What should such a follow-up email say? It might invite the customer to purchase the very item that had been abandoned. Or, if your research has shown that your customers in general dislike shipping charges, you might offer free shipping for a limited time if the customer spends a minimum amount.
Follow-up emails can also be sent to customers who complete their transactions, points out Best. “You might invite customers to leave reviews about items purchased recently. Or you might promote items related to recent purchases.”
All of the emails described above can be automatically generated by computer software. And make purchases as easy as possible by inviting recipients to click on links that process transactions. “Help your customers by removing as much friction as possible from the checkout process,” says Best.
Bonus tip: Include a line asking recipients to explain why they did not buy during their recent visit. Their answers can provide valuable marketing insights.
Next time you open your email, take a close look at your inbox messages. You’ll likely see one or two lines of text underneath (or to the side of) the subject line. That text is called the “preheader,” and it’s an important sales driver for those who know how to use it.“An amazing number of marketers ignore the power of the preheader,” says Best. “That snippet of text gets the biggest percentage of real estate in the inbox. So you want to make the subject line and the preheader work together to encourage the recipient to open the email.”Here are three examples of such combinations: Subject: Save money on your next store purchasePreheader: Free shipping for all orders placed before 5:00 PMSubject: Claim your discount couponPreheader: Open this email to print your couponSubject: Things we love about the holidaysPreheader: Order prewrapped gifts for your loved ones.Bonus tip: Always position your preheader text at the top of your emails, above the graphic. That will keep the ugly computer code of the graphic from being pulled into recipients’ inboxes.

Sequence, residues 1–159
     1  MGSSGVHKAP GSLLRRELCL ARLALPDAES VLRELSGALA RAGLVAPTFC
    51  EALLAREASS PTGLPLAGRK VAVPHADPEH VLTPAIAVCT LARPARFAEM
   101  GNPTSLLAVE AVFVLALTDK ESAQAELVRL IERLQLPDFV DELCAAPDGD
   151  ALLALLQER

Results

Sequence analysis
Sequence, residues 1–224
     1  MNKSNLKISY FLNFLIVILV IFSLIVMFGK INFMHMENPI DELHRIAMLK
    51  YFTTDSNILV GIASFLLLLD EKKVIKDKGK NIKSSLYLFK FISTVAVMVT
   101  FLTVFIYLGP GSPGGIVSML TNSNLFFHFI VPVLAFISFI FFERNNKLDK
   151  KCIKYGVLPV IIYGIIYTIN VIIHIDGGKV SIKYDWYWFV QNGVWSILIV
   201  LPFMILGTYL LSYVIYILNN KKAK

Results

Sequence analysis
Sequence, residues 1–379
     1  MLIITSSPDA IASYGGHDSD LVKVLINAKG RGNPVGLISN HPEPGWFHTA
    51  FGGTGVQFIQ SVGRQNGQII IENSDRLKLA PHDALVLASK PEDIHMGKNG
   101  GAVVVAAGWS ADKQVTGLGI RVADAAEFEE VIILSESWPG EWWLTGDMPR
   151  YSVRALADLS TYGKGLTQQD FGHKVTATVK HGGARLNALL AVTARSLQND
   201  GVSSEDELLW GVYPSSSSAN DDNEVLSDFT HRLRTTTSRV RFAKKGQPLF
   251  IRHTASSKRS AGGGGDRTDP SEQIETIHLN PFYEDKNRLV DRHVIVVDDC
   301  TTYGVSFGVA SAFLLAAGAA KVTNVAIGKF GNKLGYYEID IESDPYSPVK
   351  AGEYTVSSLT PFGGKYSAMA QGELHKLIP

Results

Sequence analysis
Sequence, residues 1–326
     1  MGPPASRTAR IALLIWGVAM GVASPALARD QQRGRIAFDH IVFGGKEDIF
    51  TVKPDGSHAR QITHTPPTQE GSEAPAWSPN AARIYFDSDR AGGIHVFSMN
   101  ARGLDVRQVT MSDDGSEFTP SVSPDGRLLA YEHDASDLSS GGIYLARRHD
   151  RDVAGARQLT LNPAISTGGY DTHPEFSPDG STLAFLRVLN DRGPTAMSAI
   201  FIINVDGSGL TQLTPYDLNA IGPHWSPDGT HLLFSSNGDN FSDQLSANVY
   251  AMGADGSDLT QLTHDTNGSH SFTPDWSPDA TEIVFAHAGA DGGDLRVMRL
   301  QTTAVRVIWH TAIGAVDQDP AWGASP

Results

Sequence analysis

Emails often include social media buttons, usually positioned below the message. But when recipients click on those icons, are they transported to your social media feeds? You can do better than that, says Steve Dodd, a Toronto-based business consultant. You want to include buttons that will share your content on your visitors’ social media feeds. That will really compound the return on your email marketing investment.
“Very often when I read an email the first thing I want to do is share it,” says Dodd. He could certainly do that by forwarding the email to his list of key people, but that would be pretty limited in scope. “It would be much better if I were able to easily post the information on my own Twitter feed, where I have many more followers,” he says. “That would also let me add a comment to the text.”
In essence, says Dodd, you want to get people to promote you, and helping them share your copy on their social media feeds does just that. In order to share your email in this way, you will need to have the text of the email also posted on your web site. When people click on your email share button they will in effect share your web site page.
Bonus tip: Responding to shared posts with your own comments will promote good feelings and expand the reach of your store brand.
You send an email partly to inform and partly to stimulate a desirable action on the part of recipients. But the question arises: What should that action be?